Pay attention to Venezuela

Selma. Mexico City. Johannesburg. Tiananmen. Tehran. Kiev. Caracas.

We've seen this movie before. When people are brave enough to stand up for freedom against repressive governments intent on maintaining their grip on power, the process is usually messy - and often bloody. In between ducking batons and dodging bullets, they wait to see if the world cares what happens to them. They're the little guy being beaten by a big guy, hoping that an even bigger guy comes to the rescue.

In Venezuela, for the last few weeks, blood has stained the streets of Caracas and other major cities. It started with massive student protests on Feb. 12 against the social and economic "crisis" plaguing the country - corruption, high crime rates, skyrocketing inflation, etc. - under a government they consider illegitimate. Venezuelan President Nicolas Maduro responded with violence, as if he were suppressing a coup attempt at all costs.

Former President Hugo Chavez was crazy. But what Maduro is doing - using armed soldiers and plainclothes goons on motorcycles to beat and kill people in order to stifle dissent and keep power - is flat-out criminal. The casualties are young people who look like they're barely old enough to order a drink in a bar. YouTube videos show soldiers chasing down protesters and clubbing them into the ground. College students lie in pools of blood, their heads bashed in.

This is how they roll at the intersection of socialism and fascism. They give people free health care, and then they send them to the hospital.

Where is Sean Penn when we need him? The actor, who used to travel to Caracas to visit his "friend" - the late President Chavez, in what the normally outspoken left-winger seemed to consider a socialist paradise - is missing in action. He must have lost his script. Now that his utopia is killing people, he has nothing to say. Come to think of it, where's the rest of Hollywood on this crisis?

For Venezuelans, at this point, the idea of being rescued by anyone must seem like a distant fantasy. Before you can get liberated, you have to get attention. The country is located in a part of the world - Latin America - that New York media bosses and Washington politicians have traditionally neglected.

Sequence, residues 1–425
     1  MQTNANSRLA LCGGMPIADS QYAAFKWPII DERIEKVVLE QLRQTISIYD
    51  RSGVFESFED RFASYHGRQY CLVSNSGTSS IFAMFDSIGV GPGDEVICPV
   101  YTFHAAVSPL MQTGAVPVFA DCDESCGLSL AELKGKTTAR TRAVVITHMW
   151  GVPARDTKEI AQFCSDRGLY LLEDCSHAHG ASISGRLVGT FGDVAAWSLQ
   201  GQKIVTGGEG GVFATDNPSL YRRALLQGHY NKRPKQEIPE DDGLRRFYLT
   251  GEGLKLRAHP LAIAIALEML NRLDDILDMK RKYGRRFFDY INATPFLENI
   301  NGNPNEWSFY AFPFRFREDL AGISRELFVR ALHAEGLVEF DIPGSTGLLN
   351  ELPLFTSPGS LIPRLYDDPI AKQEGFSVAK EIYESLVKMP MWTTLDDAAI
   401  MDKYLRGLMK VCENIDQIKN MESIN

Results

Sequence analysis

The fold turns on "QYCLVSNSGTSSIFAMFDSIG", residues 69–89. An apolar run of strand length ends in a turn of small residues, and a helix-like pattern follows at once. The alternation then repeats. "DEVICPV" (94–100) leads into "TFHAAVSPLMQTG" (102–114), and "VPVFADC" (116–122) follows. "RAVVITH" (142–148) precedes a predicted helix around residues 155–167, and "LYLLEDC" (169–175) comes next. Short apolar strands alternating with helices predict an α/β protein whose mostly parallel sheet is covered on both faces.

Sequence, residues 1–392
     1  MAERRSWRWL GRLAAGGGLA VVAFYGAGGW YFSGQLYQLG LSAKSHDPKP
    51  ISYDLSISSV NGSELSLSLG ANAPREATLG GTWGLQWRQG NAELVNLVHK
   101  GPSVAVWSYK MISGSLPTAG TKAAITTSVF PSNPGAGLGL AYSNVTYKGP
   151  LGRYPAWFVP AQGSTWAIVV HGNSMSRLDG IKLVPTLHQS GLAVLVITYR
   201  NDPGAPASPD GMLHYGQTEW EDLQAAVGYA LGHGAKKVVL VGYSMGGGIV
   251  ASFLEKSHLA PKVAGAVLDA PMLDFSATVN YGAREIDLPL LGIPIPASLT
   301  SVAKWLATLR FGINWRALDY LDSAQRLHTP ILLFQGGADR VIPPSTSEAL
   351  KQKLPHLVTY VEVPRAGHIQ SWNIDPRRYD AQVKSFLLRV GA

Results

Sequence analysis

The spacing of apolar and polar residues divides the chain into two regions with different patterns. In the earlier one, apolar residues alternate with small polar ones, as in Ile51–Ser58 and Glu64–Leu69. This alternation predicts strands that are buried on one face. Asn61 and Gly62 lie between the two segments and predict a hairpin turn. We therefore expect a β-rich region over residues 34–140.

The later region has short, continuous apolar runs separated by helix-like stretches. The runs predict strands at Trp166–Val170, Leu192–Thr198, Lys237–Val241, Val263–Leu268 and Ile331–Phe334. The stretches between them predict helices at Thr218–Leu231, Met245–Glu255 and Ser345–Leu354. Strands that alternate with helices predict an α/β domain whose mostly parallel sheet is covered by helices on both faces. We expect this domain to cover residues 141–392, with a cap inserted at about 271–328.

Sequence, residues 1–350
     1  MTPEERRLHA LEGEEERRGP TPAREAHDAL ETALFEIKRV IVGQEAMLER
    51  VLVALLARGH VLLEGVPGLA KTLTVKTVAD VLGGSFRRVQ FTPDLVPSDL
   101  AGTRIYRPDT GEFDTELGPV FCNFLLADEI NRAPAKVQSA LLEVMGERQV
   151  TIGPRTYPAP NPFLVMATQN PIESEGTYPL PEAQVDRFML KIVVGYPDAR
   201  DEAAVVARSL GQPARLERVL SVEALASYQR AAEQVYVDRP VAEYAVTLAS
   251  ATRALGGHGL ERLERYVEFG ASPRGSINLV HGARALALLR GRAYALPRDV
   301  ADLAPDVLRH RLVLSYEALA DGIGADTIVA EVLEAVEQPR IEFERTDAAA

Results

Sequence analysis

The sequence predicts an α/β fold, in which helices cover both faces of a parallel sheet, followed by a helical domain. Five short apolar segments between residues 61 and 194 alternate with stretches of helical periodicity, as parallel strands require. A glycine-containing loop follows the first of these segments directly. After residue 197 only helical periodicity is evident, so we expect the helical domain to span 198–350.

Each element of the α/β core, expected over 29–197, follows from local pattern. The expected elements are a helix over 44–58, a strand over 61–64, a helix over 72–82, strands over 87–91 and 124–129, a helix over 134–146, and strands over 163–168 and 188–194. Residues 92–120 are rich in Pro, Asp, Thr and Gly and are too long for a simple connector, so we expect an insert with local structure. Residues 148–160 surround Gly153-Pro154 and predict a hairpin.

Former Secretary of State Condoleezza Rice has admitted that she should have paid closer attention to the region. I blame geography. From the vantage point of the East Coast, "foreign policy" usually means Europe, Russia and the Middle East. Not Latin America.

Still, it's a heck of a story. Too bad the mainstream U.S. media have been late to cover it. Ironically, newspaper reporters and network correspondents have done a much better job of keeping Americans informed of what is happening many thousands of miles away in Kiev, the Ukrainian capital, than they have in monitoring the events unfolding much closer to home in South America.

Besides, the unrest is framed differently. When people rise up against their government in Ukraine, the media call it a revolution and present those stories in a positive light. But when it happens in Venezuela, you are not likely to hear the word "revolution" and you might hear it described as simple unrest.

It all amounts to a crisis in our backyard that President Obama is not up to dealing with. He has been tested like this before, and he failed. Remember the Green Revolution protests in Iran, which began in 2009? Obama's tepid response in the face of repression and bloodshed empowered President Mahmoud Ahmadinejad and put the global community on notice that he is not interested in the United States being the world's policeman, let alone its savior.

Whereas Teddy Roosevelt advised speaking softly and carrying a big stick, and other presidents have liked to talk tough and work the levers of diplomacy, Obama prefers to keep quiet.

That's not good enough. The United States is in the freedom business. When people stand up for freedom, we ought to stand with them. And if that means pushing for international sanctions against the Maduro government or imposing an embargo on a valuable commodity like Venezuelan oil, then so be it.

Forgive us, Venezuela. Americans are late to this crisis. But you have our attention now. And if common sense and decency prevail, we'll have your back.

Ruben Navarrette's email address is

© 2014, The Washington Post Writers Group

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